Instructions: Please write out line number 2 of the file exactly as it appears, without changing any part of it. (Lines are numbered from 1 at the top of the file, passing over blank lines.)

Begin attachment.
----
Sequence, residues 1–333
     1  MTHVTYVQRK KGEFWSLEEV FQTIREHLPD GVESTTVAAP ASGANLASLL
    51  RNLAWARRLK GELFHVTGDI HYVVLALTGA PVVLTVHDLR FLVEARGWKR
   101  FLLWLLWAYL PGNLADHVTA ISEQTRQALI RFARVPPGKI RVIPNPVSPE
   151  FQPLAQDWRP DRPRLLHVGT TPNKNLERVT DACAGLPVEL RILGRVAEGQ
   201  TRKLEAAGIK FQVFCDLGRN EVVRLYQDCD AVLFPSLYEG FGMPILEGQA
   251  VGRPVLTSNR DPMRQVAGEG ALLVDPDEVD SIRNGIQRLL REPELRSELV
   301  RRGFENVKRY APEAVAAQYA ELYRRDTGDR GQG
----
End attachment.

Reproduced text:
     1  MTHVTYVQRK KGEFWSLEEV FQTIREHLPD GVESTTVAAP ASGANLASLL